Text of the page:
As a child, my mother always made a point to drag me along with her to all elections, big or small. She tried to make an event out of it, and would always let me keep her “I voted!” sticker. The entire process fascinated me, and I couldn’t wait to watch the news later on to see if my mother’s choice was the winner. As a turned eighteen this past April, one of my first excitements for adulthood was being able to vote. My friends were excited to get tattoos and buy scratch tickets, but I was ready to get in line and vote. This past September I voted for the very first time with my mother; she still gave me her sticker.
This may just be the political science major in me, but I always try to project my election season enthusiasm onto my friends, no matter how annoying they find that. Then I am reminded of my AP Government and Politics class, where my teacher preached to newly eligible voters in his classes to get out to the polls. Every year he sees this unenthusiastic pattern I mention, but he is never surprised, given one of the first lessons he teaches each year is the low voter turnout beginning at the age of the students he teaches.
In the United States today, voter turnout is disappointingly low. The legal age for citizens to start voting is 18. However, the 18 to 29 year old age group has the lowest voter turnout in the country. On the other hand, the 60+ year old age group has the highest turnout. Some reasoning for this may be that older citizens have more political experience and understanding, therefore have strong opinions in which they vote on. Alternatively, younger, newer voters have less political knowledge, and may be intimidated by the voting process. At this young age, it may seem insignificant to vote. However, programs such as Suffolk Votes are pushing the importance of voting among college students, and assisting the registering process, so that voter turnout can increase, and political decisions reflect the opinions we know Suffolk University students have. In addition, universities in general today have been attempting to educate students more on government and politics unbiasedly. School is where many youths spend the majority of their time and focus, so real-world education should be enforced. Ultimately, democracy will be more productive if citizens are engaged and voicing opinions that matter to them. If not, the results of elections will not mirror the actual beliefs Americans have.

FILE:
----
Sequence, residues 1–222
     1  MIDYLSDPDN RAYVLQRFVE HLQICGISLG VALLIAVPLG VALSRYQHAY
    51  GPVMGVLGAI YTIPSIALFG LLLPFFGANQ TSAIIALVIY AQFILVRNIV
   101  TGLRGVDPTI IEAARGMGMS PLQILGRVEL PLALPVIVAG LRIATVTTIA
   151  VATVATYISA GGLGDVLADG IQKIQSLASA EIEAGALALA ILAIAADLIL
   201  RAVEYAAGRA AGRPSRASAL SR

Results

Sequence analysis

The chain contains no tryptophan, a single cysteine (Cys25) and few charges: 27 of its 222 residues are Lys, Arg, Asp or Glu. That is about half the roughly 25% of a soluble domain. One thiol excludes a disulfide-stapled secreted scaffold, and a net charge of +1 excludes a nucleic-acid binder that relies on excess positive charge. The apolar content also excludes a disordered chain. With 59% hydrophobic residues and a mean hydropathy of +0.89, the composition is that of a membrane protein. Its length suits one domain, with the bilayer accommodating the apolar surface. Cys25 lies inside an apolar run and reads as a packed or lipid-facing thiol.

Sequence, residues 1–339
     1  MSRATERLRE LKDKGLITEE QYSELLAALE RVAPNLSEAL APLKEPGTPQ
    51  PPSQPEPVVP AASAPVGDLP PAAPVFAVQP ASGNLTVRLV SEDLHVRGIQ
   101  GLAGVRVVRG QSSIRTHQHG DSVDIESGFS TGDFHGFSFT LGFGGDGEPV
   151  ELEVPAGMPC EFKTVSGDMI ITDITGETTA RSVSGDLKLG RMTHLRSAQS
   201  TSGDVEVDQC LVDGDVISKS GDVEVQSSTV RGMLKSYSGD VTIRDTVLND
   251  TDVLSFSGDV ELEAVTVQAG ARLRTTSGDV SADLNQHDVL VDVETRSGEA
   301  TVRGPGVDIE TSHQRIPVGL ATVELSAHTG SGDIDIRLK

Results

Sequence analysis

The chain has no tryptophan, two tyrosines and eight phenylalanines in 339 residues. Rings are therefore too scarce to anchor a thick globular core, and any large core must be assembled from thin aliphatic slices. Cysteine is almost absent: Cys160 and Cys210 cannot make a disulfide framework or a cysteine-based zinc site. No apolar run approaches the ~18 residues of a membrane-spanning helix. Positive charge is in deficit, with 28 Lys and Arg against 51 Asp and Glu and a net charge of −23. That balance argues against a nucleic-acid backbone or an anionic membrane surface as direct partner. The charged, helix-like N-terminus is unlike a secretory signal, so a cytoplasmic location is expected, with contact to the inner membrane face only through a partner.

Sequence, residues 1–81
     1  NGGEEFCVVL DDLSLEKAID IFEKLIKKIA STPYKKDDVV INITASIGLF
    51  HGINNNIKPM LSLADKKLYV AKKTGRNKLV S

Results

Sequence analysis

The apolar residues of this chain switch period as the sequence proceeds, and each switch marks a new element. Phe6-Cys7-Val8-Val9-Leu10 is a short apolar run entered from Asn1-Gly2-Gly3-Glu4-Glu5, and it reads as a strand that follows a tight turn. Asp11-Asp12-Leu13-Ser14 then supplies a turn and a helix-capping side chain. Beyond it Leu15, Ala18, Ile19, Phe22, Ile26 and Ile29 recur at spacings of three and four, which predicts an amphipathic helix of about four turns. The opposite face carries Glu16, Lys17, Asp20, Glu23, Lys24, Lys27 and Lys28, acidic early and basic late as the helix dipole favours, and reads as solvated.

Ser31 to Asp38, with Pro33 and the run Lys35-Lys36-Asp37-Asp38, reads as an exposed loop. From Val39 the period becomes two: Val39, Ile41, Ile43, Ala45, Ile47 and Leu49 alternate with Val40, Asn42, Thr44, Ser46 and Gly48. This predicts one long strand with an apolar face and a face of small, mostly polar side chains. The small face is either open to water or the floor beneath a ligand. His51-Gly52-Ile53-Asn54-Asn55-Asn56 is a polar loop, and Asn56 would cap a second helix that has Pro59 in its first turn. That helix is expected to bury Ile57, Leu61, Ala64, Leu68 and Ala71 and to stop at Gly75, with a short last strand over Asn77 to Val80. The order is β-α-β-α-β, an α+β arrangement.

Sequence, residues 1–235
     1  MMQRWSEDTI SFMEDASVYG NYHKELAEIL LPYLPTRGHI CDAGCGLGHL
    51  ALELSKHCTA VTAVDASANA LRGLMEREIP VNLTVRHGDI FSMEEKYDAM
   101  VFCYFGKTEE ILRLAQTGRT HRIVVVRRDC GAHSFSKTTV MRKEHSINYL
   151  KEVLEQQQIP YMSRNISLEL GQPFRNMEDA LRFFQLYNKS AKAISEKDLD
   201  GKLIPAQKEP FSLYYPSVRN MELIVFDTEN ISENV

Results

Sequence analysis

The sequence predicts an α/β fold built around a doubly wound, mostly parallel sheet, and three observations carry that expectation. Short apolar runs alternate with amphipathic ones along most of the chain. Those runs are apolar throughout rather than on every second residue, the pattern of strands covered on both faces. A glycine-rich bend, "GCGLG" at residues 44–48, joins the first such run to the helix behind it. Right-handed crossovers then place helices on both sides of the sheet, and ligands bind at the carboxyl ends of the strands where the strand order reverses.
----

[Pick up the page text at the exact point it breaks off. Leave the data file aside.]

According to SuffolkVotes statistics, 83% of Suffolk University students were registered to vote, while only 67% of those voted in the 2016 general election. These numbers are not awful, but are in no way impressive. These percentages show that a majority of students are taking the first step and becoming eligible to vote, but not following through with the commitment. Luckily, according to the United States Census Bureau, 36% of eligible 18-29 year olds voted in 2018, a sharp rise from the previous 20%. Will this trend continue in 2020? In an election as unpredictable as this one, only time will tell. We know that it is unlikely to achieve 100% voter turnout, because after all Americans equally have the right to choose not to vote. Still, our hope is that presenting these facts serves as encouragement for more students to head to the polls this November.